By David Boynton, Saturday, August 13, 2005
"Nihoa teems with birdlife, nearly every foot of the island is covered by birds, and the air is filled with them." That's what the noted archaeologist Kenneth Emory noted over 80 years ago, when the Tanager Expedition visited this remote tip of a sunken island.
It's my kind of place ... seabirds by the hundreds of thousands. I've dreamed of visiting Nihoa and the other Northwestern Hawaiian Islands for decades, never could quite pull it together, but I'm heading there today. Our "Boatload of Educators," ten teachers and a very inspiring group of scientists and other resource people are heading out on the NOAA Ship Hi`ialakai. I'm stoked, to say the least.
Along with my invitation came a tough choice. The ultimate destination would be French Frigate Shoals, an incredibly beautiful and pristine coral reef ecosystem where teachers will participate in a variety of surveys and research projects, along with a visit to the turtle and monk seal breeding grounds on Tern Island. But one teacher will be dropped off at Nihoa with an entomologist, archaeologist, and the extremely knowledgeable seabird biologist Beth Flynt.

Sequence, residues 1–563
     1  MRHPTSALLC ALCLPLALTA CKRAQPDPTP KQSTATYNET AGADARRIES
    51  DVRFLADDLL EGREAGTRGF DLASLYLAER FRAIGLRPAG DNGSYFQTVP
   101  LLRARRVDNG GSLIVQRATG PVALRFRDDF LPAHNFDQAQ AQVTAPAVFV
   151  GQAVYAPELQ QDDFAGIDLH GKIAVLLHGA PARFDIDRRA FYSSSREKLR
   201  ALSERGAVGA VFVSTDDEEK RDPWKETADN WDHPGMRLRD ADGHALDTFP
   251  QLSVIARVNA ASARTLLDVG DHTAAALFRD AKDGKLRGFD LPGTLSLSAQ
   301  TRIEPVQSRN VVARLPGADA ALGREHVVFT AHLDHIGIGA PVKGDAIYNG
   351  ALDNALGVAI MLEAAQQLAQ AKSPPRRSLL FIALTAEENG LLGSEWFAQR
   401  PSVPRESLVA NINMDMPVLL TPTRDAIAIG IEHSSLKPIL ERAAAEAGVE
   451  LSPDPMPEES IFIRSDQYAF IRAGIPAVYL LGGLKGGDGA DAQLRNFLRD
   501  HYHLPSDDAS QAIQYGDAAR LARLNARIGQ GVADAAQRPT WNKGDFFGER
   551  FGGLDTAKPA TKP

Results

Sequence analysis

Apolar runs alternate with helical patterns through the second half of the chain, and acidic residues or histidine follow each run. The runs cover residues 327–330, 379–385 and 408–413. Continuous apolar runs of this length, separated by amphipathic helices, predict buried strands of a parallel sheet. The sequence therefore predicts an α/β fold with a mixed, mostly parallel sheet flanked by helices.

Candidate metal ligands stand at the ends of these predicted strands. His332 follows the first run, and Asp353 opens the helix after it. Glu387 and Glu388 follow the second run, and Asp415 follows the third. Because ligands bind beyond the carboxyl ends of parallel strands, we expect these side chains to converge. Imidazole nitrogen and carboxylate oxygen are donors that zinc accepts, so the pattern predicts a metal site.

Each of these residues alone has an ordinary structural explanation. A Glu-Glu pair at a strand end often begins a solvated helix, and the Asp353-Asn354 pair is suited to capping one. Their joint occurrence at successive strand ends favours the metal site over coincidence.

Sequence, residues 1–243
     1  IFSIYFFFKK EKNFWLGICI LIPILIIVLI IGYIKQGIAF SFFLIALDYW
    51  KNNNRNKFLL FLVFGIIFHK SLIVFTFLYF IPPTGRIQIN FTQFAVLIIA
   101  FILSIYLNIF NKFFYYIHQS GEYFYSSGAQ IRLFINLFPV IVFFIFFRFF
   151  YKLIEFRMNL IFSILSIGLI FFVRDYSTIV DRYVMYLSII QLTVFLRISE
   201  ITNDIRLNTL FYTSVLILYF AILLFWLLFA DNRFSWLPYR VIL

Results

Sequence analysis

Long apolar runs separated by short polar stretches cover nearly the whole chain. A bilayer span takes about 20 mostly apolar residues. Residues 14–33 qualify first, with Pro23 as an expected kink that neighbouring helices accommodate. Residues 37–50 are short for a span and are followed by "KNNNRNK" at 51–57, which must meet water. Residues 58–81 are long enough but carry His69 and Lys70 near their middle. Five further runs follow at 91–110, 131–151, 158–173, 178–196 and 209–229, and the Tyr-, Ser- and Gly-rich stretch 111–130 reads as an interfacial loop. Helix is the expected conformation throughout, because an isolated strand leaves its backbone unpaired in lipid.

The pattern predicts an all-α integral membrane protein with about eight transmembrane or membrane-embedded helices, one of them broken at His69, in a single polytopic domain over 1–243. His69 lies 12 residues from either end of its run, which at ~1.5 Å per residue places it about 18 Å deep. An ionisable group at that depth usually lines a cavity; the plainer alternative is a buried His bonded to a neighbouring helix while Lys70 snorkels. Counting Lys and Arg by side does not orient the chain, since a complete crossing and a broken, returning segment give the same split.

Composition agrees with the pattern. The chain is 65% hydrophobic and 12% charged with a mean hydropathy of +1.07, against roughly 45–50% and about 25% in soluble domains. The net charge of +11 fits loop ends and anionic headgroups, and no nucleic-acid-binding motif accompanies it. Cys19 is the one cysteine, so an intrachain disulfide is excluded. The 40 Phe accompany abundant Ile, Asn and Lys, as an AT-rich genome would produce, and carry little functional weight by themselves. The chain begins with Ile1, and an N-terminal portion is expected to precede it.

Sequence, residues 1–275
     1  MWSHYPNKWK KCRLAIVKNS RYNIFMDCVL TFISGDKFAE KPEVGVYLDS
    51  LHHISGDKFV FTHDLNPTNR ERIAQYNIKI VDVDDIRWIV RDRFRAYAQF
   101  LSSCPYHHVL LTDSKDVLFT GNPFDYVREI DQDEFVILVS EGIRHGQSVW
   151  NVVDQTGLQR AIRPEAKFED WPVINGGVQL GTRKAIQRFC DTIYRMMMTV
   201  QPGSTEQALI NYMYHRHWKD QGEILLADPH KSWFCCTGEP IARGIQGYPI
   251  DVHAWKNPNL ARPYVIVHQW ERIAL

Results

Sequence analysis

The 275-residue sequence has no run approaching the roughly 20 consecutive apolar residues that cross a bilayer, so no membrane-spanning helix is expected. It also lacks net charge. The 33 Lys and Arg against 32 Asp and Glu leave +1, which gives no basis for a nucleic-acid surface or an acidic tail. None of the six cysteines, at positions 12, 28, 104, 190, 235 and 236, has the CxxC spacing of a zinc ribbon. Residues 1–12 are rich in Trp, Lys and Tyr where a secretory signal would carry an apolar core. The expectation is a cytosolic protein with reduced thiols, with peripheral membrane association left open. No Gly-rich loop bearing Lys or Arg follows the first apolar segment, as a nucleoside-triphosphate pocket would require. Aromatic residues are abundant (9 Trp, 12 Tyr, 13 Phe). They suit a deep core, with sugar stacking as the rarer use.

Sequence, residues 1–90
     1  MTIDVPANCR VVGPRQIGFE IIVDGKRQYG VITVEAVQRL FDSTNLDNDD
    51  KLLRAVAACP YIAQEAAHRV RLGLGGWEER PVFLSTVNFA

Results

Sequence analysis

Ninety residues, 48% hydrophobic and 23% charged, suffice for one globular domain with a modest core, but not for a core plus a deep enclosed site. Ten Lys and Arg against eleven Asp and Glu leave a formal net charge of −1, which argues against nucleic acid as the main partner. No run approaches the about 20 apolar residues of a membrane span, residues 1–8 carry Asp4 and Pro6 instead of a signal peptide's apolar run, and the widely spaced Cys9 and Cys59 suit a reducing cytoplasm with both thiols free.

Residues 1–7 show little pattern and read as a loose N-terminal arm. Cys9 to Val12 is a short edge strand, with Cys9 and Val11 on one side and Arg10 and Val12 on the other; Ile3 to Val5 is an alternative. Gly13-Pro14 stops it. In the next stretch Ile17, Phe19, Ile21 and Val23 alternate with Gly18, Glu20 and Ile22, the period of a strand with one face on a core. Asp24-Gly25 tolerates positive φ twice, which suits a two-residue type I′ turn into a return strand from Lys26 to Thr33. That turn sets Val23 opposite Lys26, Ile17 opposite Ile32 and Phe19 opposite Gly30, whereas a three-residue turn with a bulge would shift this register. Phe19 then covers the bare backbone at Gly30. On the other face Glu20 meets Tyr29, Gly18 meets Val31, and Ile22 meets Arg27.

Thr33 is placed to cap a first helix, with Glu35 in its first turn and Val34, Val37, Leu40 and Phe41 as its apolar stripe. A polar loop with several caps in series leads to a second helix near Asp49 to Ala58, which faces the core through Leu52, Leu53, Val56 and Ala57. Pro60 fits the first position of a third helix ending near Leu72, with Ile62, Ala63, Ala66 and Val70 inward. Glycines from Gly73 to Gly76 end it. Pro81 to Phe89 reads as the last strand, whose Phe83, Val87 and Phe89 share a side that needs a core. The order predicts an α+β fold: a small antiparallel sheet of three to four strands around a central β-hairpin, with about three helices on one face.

What would you do? Snorkel on Hawaii's finest coral reefs in their ancient richness, teaming with rainbowed flocks of fish and innumerable invertebrates, mingle with schools of ulua that approach fearlessly, probably come face to face with a monk seal or two ... or get dropped off on a shadeless crumbling tooth of an island, less than a mile long and quarter mile wide, camp on a little table off flat bare rock with no source of food or fresh water except what you bring yourself, and participate in a study of the horde of grasshoppers that has devoured a good portion of the island's vegetation. Tough choice, maybe not for most people – none of the other teachers volunteered – but I'm going for it.
This is a rare opportunity, a place that very few get to visit, in its own way quite pristine with just a couple of alien plants trying to hold their ground in an intact coastal native ecosystem. Only one type of tree is found here, the loulu palm Pritchardia remota, an appropriate name for this ancestral cousin of Hawaii's 20+ species of native fan palms.